It was the best news Fairfax ever published: the story of its demise.
Yet to listen to the wailing Fairfax staff and their barrackers, you would think the world was ending. The Channel Nine takeover has been described as ‘a blow to Australian democracy’ and ‘the end of Australian journalism as we know it’.
We can only hope the second point is true. Fairfax’s demise will improve our democracy, freeing Australians from the fraud of Green-Left advocacy masquerading as ‘journalism’. And let’s not forget the big winners in the new arrangements. The hospitality industry in inner-Sydney and Melbourne will thrive, as unemployed Fairfax scribes occupy their coffee shops and tofu restaurants bitching about the universe.
Australia’s fish are especially relieved, in avoiding the embarrassment of being wrapped in the pages of Fairfax Fake News. The company’s closure will also ease the pressure on psychiatric hospitals, with fewer journalists presenting for treatment of Trump Derangement Syndrome. At last, the Hitler Comparison Industry can have a day off, with the Sydney Morning Herald no longer publishing headlines such as ‘Donald Trump And Adolf Hitler Have More In Common Than Slogans’ (as it did in October 2016). Also, imagine the relief among the world’s asylum seekers. After the Tampa incident in 2001, Fairfax editors started campaigning for the abolition of offshore processing. The Rudd Government took them seriously and 2,000 boatpeople drowned, including babies and infant children. Now at least young asylum seekers have got a chance of reaching adulthood, free from Fairfax’s encouragement of people smugglers. For this alone, the end of Fairfax is a huge win for humanity.
There’s also an important lesson here for business students. Forget the baloney about a media outfit hard done by. The 177-year-old company was a victim of its own incompetence. Two decades ago Fairfax had a chance of transitioning from lucrative print advertising to online classifieds, but they blew it. The rivers of gold turned into rivers of stupidity.
Eric Beecher, a veteran of the newspaper industry, recalls fronting the Fairfax board in 2004, warning of ‘a catastrophe scenario under which the Sydney Morning Herald and the Age would lose much of their classified advertising in coming years.’ The board ignored him. According to Beecher: ‘One director in particular became quite agitated about what I was saying. “I don’t ever want anyone coming into this boardroom again”, he told his colleagues as he held up a copy of one of Fairfax’s hefty Saturday papers, “and telling us that people will buy houses or cars or look for jobs, without this”. He then dropped the lump of newsprint onto the boardroom table with a thud.’ The director was Roger Corbett, who subsequently became chairman of the board.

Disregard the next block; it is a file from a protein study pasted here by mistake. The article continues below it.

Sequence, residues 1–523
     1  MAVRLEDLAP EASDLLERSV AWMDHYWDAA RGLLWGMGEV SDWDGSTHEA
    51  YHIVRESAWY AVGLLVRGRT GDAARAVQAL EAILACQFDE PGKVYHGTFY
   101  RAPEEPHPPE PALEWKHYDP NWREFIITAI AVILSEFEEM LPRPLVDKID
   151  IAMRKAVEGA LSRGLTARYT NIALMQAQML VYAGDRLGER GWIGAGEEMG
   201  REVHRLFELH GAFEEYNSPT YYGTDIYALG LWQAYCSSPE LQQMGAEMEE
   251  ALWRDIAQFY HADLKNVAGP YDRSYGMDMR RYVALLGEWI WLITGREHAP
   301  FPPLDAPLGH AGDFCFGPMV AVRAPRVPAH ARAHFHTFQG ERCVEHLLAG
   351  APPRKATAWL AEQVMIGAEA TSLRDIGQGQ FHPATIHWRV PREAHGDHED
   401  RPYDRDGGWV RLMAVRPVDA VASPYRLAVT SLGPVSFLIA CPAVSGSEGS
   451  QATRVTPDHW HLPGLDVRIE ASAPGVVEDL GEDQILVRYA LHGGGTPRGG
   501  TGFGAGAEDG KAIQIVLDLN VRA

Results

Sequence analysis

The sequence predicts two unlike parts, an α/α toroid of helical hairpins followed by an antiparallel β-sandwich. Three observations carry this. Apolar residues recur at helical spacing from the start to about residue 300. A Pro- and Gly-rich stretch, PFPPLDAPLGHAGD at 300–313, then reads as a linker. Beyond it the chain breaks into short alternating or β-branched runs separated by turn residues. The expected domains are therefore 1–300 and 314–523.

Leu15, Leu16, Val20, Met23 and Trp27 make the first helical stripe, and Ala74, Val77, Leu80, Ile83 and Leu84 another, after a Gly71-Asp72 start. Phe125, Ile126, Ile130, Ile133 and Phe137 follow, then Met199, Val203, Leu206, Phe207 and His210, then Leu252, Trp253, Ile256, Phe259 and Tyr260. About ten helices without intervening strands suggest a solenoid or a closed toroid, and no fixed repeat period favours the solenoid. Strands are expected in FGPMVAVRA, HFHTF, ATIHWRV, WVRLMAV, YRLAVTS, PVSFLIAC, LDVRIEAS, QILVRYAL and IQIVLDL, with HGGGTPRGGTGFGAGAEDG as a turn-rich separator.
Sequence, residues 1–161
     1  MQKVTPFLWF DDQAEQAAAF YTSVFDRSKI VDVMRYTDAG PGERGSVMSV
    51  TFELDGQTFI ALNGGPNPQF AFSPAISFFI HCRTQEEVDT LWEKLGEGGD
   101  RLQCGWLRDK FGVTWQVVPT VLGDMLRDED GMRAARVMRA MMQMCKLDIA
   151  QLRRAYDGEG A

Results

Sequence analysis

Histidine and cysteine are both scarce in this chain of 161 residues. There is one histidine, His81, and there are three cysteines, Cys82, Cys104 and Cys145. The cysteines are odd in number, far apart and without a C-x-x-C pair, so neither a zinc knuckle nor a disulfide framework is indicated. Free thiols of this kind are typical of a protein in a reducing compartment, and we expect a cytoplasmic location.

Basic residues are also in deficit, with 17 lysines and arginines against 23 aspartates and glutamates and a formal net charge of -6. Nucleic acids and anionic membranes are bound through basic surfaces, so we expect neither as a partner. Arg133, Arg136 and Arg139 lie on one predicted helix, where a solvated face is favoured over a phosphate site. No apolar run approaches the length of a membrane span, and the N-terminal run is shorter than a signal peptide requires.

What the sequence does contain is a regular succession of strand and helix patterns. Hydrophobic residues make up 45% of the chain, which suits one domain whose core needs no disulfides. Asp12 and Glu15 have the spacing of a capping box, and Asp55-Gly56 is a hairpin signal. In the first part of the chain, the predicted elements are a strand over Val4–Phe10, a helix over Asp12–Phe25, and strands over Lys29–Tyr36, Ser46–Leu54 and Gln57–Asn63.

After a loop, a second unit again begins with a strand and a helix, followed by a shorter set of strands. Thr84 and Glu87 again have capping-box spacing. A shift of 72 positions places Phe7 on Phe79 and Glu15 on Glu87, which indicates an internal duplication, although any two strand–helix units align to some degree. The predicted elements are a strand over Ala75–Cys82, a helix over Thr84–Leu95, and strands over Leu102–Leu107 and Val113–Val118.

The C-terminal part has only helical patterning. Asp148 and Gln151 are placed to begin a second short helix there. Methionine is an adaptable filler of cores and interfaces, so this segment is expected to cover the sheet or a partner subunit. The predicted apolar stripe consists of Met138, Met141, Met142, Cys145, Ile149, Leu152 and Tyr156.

The Channel Nine/Fairfax announcement also flushed out the great Labor hater Paul Keating. The former PM had to toss a coin to see which outfit he despised the most. It came down on the side of Channel Nine, a legacy of the way in which 60 Minutes raked over Keating’s piggery investments in March 1999. At the time, I was the only Labor MP who defended Keating in parliament. This prompted a visit to my office by the 60 Minutes reporter Paul Lyneham, who told me I had made a big mistake. ‘We are going to put Keating in jail’, he assured me. No wonder the old clock polisher is still cranky.
Years earlier, as Treasurer in the 1980s, Keating had wanted to destroy Fairfax because of its attacks on the NSW Labor Right. He especially detested the gaggle of female investigative reporters gathered around Brian Toohey, whom he labeled ‘the Manson girls’.
Fairfax’s fate offers a glimpse of where all newspapers are headed. Public trust in journalists has collapsed, such that they now rank below used car salesmen and even politicians. Very few reporters research public policy or understand political history. They run mostly on propaganda – callow, gentrified types who take their material from the online sewer of Twitter.
Recently the editor of South Australia’s Murray Pioneer reported on the incompetence of journalism graduates applying to join his paper. In attempting quiz questions on their application form, a majority did not know the name of the Federal Treasurer or Opposition Leader. Only one could name the location of Ned Kelly’s last stand, while none could name the day on which the Melbourne Cup is run. These people have got no culture and no brains.
The quiz was not a one-off. ‘The abysmal results have been consistent (over many years) and, if anything, are slowly getting worse’, the editor wrote.
In truth, the people reading newspapers these days are smarter than the people writing in them. In the era of Facebook and Internet websites, consumers have never had so much choice and diversity of information available to them. Regulation of media ownership and content has become outdated. An open market of tens of thousands of media outlets (old and new) means that competition can sort out questions of reliability and profitability.
Instead of lifting their performance, traditional media houses such as Rupert Murdoch’s News Corp have reverted to special pleading: urging governments to heavily regulate Facebook and Google.
What a sad sight they have become. The Princes of Print have morphed into Rent-Seeking Royalty.
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